A logic puzzle reminiscent of Minesweeper and simple enough to pick-up and play immediately due to its similarity to other puzzles like it. And yet it feels like a fresh new puzzle all its own. A variety of puzzle sizes and difficulty levels are available to tailor your game play experience to match your own personal comfort level. It's a no-frills design that minimizes the superfluous to maximize what it does well: classic puzzle gameplay.
What do you get when you put Global Warming, Peak Oil, Nuclear War and good old-fashioned oligarchy in a blender? You get Fallout meets Elite ...in a browser! Caravaneer is a game by Dmitry Zheltobriukhov that has you playing a caravan leader in a post-apocalyptic desert, trading goods from town to town while fending off hungry raiders. It's got turn-based tactical fighting, strategic economic decision-making, and a political storyline! Tactics, economics and politics!
Moving is quite a hassle. There's no easy way to go about it, no matter how much manpower is on your side. Getting everything into boxes and into a waiting truck takes hours, and who knows how much stuff you might break. In Jig Easy, Sam, you've got about eight minutes to move out, but thankfully you have the miracle of ball physics to aid you in your quest.
Trigger Ball is an attractive puzzle game of magnetism and attractors. Complete a level by bumping each black orb with a smaller black ball, which is launched with a click of the mouse. You only get one shot, so use it wisely! With just 41 levels, Trigger Ball isn't likely to keep anyone playing long into the wee hours. But I bet you'll wish it did.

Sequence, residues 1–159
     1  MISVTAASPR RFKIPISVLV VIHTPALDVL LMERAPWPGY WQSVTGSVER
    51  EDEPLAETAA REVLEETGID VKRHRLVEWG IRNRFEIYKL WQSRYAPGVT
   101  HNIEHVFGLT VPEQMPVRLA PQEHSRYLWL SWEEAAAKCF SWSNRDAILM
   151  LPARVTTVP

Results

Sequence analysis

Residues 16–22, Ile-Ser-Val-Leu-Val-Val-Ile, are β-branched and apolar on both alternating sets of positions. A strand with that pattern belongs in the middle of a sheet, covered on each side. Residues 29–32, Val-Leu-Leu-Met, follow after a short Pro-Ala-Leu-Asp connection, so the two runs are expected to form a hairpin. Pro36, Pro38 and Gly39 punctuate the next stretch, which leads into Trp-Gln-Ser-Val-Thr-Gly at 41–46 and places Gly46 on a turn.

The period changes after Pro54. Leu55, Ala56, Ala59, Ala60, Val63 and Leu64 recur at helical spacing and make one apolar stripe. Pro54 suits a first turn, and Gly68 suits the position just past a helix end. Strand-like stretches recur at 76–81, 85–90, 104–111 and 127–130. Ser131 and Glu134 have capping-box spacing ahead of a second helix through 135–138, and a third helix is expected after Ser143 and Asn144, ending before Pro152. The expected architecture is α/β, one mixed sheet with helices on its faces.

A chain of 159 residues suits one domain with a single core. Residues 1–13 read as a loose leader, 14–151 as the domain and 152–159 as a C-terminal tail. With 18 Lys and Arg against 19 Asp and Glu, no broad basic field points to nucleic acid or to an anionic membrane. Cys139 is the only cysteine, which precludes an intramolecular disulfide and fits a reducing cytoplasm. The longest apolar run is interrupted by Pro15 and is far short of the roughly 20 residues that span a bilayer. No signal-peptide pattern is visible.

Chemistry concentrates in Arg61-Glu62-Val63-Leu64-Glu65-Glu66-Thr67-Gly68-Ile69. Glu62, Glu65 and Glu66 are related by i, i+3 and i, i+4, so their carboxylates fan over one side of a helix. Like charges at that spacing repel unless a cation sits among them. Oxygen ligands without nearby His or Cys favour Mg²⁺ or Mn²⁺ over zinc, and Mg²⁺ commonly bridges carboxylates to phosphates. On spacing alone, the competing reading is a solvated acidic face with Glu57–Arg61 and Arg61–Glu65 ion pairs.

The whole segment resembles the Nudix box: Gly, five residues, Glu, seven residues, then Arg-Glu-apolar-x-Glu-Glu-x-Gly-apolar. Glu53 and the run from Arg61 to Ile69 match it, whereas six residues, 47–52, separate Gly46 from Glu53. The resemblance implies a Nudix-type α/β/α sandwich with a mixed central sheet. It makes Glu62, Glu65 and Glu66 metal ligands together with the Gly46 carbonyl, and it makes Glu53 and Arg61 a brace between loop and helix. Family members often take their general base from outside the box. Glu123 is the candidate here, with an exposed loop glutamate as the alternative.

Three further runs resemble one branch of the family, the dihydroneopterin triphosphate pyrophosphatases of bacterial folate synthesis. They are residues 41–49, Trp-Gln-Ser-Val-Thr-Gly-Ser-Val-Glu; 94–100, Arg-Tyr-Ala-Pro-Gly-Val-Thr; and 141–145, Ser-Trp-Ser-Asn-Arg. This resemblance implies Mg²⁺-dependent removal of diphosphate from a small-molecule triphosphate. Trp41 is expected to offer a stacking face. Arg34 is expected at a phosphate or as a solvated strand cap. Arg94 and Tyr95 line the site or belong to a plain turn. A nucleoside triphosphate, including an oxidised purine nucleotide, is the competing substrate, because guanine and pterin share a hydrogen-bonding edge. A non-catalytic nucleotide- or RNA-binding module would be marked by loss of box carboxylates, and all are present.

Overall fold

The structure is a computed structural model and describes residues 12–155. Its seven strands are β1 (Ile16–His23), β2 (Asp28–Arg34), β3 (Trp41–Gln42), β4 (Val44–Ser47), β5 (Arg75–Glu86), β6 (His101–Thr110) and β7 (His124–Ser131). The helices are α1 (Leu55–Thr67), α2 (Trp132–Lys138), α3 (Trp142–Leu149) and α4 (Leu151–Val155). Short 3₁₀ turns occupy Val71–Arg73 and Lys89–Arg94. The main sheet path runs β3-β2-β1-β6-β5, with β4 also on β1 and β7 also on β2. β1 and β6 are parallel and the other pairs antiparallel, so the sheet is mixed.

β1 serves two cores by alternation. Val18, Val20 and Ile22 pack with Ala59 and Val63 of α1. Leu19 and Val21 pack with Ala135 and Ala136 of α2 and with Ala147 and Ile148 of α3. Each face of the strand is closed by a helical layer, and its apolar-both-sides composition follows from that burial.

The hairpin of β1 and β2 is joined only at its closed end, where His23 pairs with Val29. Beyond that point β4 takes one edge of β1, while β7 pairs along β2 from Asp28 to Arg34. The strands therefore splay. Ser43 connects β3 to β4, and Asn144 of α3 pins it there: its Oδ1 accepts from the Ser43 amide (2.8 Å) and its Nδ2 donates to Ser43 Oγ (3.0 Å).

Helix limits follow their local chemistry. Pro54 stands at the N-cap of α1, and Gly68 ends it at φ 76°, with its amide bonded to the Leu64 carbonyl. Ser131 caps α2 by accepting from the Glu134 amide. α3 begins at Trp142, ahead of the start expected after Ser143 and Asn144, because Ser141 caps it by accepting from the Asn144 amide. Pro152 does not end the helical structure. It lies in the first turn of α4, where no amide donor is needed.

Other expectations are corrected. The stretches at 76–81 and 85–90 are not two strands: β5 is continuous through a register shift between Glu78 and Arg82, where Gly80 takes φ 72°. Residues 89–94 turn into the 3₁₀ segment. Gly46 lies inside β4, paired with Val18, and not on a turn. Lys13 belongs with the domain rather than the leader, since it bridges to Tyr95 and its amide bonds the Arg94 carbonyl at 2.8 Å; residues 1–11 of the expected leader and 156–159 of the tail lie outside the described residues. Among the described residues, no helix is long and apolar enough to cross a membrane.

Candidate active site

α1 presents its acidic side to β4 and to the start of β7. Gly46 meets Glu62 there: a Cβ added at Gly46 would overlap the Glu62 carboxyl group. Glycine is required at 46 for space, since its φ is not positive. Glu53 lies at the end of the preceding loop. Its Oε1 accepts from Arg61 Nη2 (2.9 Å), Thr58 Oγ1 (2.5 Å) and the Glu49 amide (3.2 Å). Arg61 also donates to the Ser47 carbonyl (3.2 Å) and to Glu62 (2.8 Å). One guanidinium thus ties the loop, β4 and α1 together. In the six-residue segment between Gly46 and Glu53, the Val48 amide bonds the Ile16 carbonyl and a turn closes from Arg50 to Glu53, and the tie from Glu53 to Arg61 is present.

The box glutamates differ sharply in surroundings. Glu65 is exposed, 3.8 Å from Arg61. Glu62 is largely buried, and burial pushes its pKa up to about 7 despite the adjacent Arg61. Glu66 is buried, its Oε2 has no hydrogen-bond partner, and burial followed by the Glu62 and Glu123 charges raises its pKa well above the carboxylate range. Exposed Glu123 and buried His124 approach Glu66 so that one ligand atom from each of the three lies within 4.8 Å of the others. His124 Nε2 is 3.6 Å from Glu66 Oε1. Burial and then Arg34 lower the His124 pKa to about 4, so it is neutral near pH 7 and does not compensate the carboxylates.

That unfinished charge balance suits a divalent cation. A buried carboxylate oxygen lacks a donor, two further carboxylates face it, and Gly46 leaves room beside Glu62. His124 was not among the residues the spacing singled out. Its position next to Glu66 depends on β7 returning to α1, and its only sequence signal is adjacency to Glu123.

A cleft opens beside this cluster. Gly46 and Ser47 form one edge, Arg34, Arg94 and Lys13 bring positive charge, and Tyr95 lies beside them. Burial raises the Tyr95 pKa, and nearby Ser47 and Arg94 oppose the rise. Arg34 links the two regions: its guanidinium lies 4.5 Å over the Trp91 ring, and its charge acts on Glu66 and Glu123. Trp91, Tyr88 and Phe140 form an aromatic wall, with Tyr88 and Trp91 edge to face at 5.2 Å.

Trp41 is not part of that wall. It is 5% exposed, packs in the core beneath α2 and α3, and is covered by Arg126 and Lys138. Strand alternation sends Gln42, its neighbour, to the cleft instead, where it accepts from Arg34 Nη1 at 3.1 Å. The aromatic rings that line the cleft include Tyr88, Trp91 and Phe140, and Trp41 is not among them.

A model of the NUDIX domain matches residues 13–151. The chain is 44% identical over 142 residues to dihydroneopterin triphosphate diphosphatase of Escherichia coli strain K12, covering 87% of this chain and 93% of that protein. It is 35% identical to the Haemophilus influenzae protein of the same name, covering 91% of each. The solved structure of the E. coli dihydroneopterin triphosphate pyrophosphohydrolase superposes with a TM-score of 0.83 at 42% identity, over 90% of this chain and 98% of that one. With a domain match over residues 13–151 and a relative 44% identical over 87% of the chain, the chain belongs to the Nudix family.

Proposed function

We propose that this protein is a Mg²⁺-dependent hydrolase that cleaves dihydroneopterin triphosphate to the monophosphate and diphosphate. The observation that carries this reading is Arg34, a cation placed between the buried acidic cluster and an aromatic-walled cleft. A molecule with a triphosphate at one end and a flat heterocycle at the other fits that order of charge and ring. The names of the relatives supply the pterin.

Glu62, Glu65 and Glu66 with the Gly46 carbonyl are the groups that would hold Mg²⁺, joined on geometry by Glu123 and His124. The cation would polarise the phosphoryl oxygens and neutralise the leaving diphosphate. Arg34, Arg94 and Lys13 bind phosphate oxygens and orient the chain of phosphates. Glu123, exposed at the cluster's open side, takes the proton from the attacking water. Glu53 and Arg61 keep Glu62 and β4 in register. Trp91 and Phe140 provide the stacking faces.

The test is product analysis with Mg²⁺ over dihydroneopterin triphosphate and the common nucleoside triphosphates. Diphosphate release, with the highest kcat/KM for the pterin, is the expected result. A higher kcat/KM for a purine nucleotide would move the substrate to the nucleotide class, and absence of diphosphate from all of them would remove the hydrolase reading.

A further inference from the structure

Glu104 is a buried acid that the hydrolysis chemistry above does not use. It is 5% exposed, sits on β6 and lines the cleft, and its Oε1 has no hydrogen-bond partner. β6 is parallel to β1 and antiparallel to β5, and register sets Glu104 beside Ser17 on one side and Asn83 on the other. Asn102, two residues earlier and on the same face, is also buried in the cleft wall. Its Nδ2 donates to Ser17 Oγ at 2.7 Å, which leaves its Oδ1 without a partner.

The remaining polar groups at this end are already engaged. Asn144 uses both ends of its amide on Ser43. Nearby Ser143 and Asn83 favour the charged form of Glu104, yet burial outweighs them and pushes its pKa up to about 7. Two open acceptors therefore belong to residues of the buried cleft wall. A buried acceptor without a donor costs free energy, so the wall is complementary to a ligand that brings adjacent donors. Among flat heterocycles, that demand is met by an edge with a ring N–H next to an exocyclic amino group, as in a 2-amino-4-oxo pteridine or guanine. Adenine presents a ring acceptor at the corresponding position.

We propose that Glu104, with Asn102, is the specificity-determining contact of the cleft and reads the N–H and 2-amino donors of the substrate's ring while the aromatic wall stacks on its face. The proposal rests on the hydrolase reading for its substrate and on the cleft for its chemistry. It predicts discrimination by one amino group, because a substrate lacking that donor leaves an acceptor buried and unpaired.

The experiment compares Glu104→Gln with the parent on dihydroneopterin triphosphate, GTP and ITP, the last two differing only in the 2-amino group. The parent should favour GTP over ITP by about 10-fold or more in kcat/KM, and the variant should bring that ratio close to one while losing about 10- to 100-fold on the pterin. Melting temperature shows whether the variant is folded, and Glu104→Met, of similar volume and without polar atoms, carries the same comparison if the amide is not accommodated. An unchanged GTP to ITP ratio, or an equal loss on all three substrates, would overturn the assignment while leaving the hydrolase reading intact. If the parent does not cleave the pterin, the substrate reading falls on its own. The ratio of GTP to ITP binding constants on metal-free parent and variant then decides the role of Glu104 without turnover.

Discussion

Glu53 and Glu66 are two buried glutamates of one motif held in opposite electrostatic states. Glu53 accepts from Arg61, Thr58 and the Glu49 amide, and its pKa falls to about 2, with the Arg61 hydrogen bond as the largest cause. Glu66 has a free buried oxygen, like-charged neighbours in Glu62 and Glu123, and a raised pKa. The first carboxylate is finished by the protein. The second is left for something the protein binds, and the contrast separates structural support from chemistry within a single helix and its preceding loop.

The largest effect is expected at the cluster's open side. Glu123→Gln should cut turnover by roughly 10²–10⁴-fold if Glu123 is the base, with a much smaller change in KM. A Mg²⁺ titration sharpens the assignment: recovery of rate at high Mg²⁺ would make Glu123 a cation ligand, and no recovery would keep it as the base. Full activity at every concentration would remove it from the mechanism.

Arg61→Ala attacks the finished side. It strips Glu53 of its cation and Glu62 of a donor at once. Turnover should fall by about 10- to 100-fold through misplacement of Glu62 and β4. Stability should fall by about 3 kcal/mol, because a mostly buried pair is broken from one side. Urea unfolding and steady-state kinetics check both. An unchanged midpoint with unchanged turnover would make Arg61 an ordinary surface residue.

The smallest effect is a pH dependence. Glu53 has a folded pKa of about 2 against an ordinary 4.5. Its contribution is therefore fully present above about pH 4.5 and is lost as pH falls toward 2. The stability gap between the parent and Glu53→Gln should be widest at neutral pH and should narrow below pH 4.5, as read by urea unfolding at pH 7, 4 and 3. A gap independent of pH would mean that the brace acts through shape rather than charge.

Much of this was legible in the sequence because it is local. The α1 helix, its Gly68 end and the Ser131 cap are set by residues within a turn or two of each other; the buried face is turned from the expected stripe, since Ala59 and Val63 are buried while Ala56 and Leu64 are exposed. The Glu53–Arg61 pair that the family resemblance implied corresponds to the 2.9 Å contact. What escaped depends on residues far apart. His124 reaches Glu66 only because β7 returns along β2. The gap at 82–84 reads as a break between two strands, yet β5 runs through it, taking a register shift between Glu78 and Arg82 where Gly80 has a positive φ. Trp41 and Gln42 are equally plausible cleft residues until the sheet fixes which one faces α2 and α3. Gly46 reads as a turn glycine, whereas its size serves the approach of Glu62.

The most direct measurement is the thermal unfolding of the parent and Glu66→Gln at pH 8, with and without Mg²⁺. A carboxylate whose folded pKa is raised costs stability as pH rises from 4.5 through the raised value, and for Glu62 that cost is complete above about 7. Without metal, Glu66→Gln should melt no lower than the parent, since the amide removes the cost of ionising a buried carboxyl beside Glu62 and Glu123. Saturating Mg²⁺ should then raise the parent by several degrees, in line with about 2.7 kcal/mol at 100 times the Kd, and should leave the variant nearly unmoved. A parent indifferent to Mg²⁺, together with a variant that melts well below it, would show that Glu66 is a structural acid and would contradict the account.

In Stranded, you play as a castaway turned fisherman on an almost deserted island. Gather fish by throwing rocks at them, and the natives will reward you with experience to boost your abilities. The timing and soothing music make it a very Zen experience, one that may keep you playing even after you beat it.
Miss Teri Tale is the first installment in a planned series of mystery-themed hidden object games. In a delicate departure from the established formula, Miss Teri Tale takes on more of an adventure guise similar to the recently-released Cate West - The Vanishing Files. The subtle shift from object finding to crime solving lends a lighter focus to the experience, and the game's hip soundtrack, gorgeous scenery and slightly satiric tone complete a surprisingly polished and entertaining package.
The theme of Casual Gameplay Competition #4 was "ball physics", and you can tell that Monsterkodi was taking it seriously. So very, very seriously. You see, in Koogel, you're using six medium-sized balls to indirectly manipulate a bevy of smaller balls, in order to light up a collection of even smaller balls. This all takes place on the surface of one huge ball, displayed on a screen you are watching with your eye-balls.